The Energy Report: A lot has happened in the energy markets since your last interview. What are the most significant changes in the space?
Elliott Gue: The Gulf oil spill in May 2010 and the Fukushima event in March 2011 were the two most pivotal events of the past two years. The repercussions of the Gulf spill extended for over a year. Fukushima dramatically changed the policy toward nuclear energy in Japan and in Germany and caused a surge in global natural gas prices due to increased Japanese demand, Japan having suddenly lost about 30% of its power. Japan has since built new natural gas plants, which are the only plants that can be brought onstream very quickly to generate large amounts of power.
Meanwhile, Germany, which has always had somewhat of an anti-nuclear stance going back at least to Chernobyl, reverted to its pre-Merkel policy of wanting to phase out all nuclear power by 2022. About one-third of German power comes from nuclear energy. It immediately shut down all of its plants built before 1980 and plans to phase out all the remaining nuclear plants by 2022. The leading candidate for replacing them is natural gas, which has caused European gas prices to spike even further. Over the last several months, gas prices in Europe have been as much as four to five times higher than in the U.S.
TER: Can Germany and Japan continue to deal with gas prices that high without serious economic repercussions?
EG: Most of those costs are borne by the German consumer rather than German industry. German power prices are the second highest in Europe because they are indirectly used to subsidize alternative energies, such as wind and solar, and that's become extremely expensive. Major manufacturing industries have been the core of Germany's economy for decades, and a lot of those companies aren't faced with the same degree of price increases that the German consumer now faces.
However, Europe's higher energy prices are a big positive for the U.S. The glut of U.S. natural gas has prices trading near decade lows. That provides a major energy cost advantage for the U.S. relative to Europe and even emerging markets like China, and U.S. manufacturing activity has benefited as a result. One of the most dramatic and earliest examples is base chemicals companies. Because of the surge in U.S. natural gas and gas liquids production, U.S. production costs for certain basic chemicals are actually lower than in Kuwait or Saudi Arabia. A large number of U.S. chemical plants that had been mothballed have restarted, with new plants being built and existing facilities expanded.
The negative public sentiment toward nuclear power in Japan has softened somewhat, and the country has backtracked on some of its earlier plans to permanently close nuclear capacities. Over the summer, Japan actually restarted a number of plants because there was a real risk that there would have been a shortage of electricity during the hot summer months. I do think that nuclear power outside of Germany and Japan is likely to continue to see some growth.
TER: How have these cataclysmic events influenced your decision-making as an energy investor?
EG: Both were examples of very extreme black swan events with a very low probability, but nonetheless huge market repercussions. In both cases, investors overreacted and panicked, which often produces some of the best buying opportunities.
The Gulf oil spill created a moratorium on deepwater drilling. Many people expected that to last for years, but it only spanned one year. A lot of people were surprised at how quickly the Gulf has recovered. But oil breaks down very quickly in the warm waters of the Gulf, which has microorganisms that essentially eat oil or aid in its breakdown over time.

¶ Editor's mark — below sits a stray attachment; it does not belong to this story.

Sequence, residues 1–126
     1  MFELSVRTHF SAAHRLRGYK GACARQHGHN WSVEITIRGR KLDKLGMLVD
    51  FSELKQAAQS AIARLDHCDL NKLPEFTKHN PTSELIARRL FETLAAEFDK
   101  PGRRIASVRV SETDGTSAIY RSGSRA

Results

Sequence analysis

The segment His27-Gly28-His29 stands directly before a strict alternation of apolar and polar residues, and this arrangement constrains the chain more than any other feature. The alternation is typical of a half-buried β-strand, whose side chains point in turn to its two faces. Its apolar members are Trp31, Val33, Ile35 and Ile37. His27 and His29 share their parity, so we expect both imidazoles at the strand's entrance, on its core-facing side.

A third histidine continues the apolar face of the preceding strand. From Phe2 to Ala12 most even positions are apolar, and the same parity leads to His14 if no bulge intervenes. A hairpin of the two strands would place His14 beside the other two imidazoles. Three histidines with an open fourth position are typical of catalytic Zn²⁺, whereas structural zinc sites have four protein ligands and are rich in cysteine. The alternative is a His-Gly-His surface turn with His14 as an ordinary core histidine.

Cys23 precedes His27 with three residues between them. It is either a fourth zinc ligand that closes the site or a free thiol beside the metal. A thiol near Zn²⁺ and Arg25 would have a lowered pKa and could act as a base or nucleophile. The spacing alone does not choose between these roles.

Stocks of companies with leverage to deepwater drilling were absolutely killed in the wake of the Gulf oil spill. Many were down 30–40% or more. Companies that were directly related to it were hit even harder, like BP Plc (BP:NYSE; BP:LSE) or Anadarko Petroleum Corp. (APC:NYSE). But it was really a great opportunity to buy stocks that are involved in deepwater drilling activity. Two years after the event, a lot of the services companies are seeing revenues from deepwater drilling in the Gulf back to pre-crisis levels. Permitting activity for new wells is also reaching pre-spill levels.
Fukushima had a similar effect. A lot of companies leveraged to nuclear power got hit really hard. A year and a half later, nuclear construction activity is resuming in many emerging markets, and developed markets are reaffirming their commitment to longer-term use of nuclear power. Only Japan and Germany have meaningfully changed their policies toward the power source.
TER: How did your stock purchases in those spheres work out for you?
EG: The purchases around those panic moments have been some of the best we've had, particularly in the immediate wake of the Gulf oil spill. The negative headlines created a lot of panic and many people were tempted to sell out of any stock that had anything to do with the Gulf. But we found a lot of opportunities back then, and those have been some of our top-performing plays ever since.
One example is a deepwater contract driller called Seadrill Ltd. (SDRL:NYSE). It owns a fleet of rigs used for drilling in ultra-deep waters, 10,000 feet (ft) and more. That stock, like most other deepwater drilling companies, was really slammed after the Gulf spill even though it had absolutely no rigs in the Gulf at that time. What it did have was long-term contracts with producers that had locked up its rigs under multiyear deals at fixed rates. It also has some of the newest and most powerful rigs out there, and these are crucial for drilling particularly deep wells—some over 30,000 ft—in particularly deep waters. The company also has much more powerful blowout preventers than the one that failed on the Deepwater Horizon in the Gulf spill. It also has a number of new rigs scheduled for delivery over the next few years. Not least of all, the company has a great policy of passing through the majority of its cash flow in the form of dividends to shareholders. As it brings new rigs onstream over the next two to three years, it will be able to significantly boost its dividends, providing a nice upside catalyst for the stock.